Some time ago, I posted here details of a book I was writing called 'The Devil's Coachmen'. This was a working title of a book I had originally intended to be the sequal to my earlier book 'Conspiracy of Faith', which was published in February 2007. Conspiracy of Faith told the story of the abuse I suffered as a child at the Salesian College in Chertsey Surrey, and the subsequent police investigation, 40 years later, into what had happened. However, during the research for my new book, evidence of other Salesian victims continued to grow, in part due to what I had revealed in Conspiracy of Faith. As a consequence of this new evidence and other information, the book began to change from an account of these disclosures to a wider examination of child abuse in the United Kingdom, and the way victims are dealt with by our society and the criminal justice system in particular. The book, which is described below, is now finished and will be published later this year.
The Devil's Advocate
Child abuse and the Men in Black
A survivor’s account of the failings of Government, the Churches, Religious Orders and our Criminal Justice System, in understanding and responding to victims of sexual abuse in the UK.
Graham Wilmer MBE
I have written this book to help expose the catastrophic shortcomings of the United Kingdom’s government, the Churches, religious institutions and our criminal justice system, as they attempt to deal with the scale and consequences of sexual abuse in our country. The book is far from the full picture, but it should serve to remind those who hold power in our nation that, as a society, we are not dealing well with the enormity of the problem, which remains hidden in plain sight, despite the courage of the many victims who come forward, even though that usually means they face hostility, resentment and denial, rather than the compassion, understanding and acknowledgement they need and deserve. The cost of sexual abuse in our society, in whatever way one measures it, is on a scale that makes it both a national disgrace and a national health epidemic, neither being something that should be tolerated by any government, but tolerated it is.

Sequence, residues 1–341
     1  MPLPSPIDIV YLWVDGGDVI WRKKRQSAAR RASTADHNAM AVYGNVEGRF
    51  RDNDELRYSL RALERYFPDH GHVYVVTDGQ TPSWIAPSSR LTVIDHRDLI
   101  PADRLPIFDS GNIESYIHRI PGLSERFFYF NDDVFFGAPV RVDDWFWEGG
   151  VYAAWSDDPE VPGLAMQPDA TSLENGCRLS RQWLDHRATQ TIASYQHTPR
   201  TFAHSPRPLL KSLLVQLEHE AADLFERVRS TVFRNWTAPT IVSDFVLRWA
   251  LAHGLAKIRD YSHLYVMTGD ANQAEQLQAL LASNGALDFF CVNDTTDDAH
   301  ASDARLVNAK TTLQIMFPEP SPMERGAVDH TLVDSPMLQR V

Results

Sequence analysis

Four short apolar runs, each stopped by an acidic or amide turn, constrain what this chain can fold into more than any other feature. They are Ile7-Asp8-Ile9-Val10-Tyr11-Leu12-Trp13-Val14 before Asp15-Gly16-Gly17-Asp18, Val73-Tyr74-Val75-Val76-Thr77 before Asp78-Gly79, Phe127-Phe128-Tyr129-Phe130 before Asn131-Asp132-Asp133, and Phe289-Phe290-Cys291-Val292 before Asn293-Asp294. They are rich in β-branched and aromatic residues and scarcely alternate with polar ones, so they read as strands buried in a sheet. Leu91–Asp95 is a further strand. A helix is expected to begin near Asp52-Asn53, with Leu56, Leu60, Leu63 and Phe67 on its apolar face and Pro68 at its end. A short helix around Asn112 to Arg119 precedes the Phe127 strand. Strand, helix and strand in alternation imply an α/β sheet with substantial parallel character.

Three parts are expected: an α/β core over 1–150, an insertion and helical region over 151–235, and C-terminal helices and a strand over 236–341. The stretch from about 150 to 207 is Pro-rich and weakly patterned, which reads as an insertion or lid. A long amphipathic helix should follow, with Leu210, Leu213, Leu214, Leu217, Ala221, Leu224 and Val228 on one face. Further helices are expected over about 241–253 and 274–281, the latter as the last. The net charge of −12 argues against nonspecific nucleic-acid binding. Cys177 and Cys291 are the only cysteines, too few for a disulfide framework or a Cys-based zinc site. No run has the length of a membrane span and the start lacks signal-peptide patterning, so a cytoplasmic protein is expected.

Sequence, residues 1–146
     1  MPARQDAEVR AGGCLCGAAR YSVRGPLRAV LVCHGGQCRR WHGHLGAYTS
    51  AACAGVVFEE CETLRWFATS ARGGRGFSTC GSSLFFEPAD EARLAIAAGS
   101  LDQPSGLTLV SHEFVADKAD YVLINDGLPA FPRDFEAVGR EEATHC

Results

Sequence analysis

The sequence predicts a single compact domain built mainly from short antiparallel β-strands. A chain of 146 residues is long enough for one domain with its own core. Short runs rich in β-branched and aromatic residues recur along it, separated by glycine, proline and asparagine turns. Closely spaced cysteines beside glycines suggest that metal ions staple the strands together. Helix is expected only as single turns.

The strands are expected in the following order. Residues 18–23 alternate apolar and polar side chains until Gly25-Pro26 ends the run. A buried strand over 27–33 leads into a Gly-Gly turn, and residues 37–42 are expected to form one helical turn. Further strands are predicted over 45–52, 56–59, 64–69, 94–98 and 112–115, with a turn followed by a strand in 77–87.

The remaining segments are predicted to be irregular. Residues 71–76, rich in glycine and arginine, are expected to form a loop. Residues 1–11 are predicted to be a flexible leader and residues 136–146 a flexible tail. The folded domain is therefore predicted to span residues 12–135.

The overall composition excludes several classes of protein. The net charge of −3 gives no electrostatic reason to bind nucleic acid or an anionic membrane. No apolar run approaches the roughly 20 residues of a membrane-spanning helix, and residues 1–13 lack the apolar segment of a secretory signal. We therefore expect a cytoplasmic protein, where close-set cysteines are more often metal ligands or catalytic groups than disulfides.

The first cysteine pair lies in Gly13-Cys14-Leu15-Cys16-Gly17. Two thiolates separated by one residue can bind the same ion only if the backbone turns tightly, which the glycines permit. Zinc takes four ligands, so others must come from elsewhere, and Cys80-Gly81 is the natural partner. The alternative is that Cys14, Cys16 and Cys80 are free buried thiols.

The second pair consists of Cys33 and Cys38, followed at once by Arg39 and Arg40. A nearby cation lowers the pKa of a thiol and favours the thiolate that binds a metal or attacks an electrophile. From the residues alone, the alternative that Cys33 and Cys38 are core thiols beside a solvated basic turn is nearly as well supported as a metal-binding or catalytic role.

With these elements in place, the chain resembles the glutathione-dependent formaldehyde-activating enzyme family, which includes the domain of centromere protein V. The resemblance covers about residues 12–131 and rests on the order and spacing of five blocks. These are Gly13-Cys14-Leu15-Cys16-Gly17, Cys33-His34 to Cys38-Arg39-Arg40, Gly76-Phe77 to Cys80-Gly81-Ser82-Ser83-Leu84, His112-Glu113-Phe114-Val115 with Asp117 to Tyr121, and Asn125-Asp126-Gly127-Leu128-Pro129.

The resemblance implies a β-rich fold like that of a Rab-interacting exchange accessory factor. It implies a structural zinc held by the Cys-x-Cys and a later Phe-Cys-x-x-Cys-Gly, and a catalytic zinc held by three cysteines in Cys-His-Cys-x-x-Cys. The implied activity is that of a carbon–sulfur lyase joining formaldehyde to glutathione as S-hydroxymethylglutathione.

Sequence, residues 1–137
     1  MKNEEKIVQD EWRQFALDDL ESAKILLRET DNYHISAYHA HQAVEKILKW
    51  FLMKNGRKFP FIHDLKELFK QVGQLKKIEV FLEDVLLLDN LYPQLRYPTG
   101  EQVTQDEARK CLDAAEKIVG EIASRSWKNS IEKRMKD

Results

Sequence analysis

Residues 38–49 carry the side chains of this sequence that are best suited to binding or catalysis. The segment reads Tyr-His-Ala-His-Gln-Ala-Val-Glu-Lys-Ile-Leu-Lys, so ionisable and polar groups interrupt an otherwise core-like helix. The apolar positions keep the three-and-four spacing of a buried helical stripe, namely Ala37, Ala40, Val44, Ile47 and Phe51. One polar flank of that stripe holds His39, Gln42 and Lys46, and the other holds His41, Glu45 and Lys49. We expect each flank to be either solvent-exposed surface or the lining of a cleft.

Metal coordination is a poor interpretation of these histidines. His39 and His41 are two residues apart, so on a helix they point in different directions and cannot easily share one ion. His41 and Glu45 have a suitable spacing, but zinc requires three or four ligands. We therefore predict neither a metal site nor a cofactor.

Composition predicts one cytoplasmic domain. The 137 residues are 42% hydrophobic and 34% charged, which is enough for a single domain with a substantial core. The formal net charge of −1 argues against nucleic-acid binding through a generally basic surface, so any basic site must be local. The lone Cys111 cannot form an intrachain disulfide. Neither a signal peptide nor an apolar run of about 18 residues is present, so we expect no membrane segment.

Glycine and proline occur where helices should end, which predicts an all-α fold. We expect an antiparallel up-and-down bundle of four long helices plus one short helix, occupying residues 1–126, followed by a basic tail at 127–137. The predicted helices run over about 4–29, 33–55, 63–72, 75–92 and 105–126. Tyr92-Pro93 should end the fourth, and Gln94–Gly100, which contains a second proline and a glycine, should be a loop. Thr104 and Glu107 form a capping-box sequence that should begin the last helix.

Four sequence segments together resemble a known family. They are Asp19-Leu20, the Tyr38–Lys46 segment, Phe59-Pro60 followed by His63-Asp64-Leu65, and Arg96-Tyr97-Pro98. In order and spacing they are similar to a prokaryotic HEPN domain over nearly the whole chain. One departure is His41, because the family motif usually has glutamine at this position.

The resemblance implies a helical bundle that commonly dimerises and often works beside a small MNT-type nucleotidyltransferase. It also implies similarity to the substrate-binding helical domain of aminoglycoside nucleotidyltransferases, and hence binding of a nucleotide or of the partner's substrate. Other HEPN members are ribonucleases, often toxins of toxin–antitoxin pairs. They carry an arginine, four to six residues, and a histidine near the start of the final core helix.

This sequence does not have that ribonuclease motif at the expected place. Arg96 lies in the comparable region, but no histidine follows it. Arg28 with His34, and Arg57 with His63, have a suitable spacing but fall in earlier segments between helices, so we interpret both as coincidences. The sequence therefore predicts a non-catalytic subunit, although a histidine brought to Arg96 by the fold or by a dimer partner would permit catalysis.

What follows is not just about me, although it tells my story. It is about the ongoing failure of society as a whole to respond to and support victims of sexual abuse. It is also about the many conflicting and deep routed myths and negative perceptions about sexual abuse: what it really is and the devastating consequences of its long-term impact. Some of you may find the repetition of facts a little tedious, but I ask you to bear with it and read on, as it will help those of you who have not suffered the blight of sexual abuse understand the seemingly never-ending nightmare that survivors struggle with on a daily basis. For us, the story never ends, but with the right kind of support you can reach a level of recovery that is sustainable, and from that point onwards you become the master of your history, rather than its slave. For those victims who still struggle in silence, despite what I say about the lack of effective support services, you have nothing to fear from speaking out, other than fear itself. So, if you want help to tell your story, but don’t know where to start or what to expect, contact me and I will help you.
Graham Wilmer MBE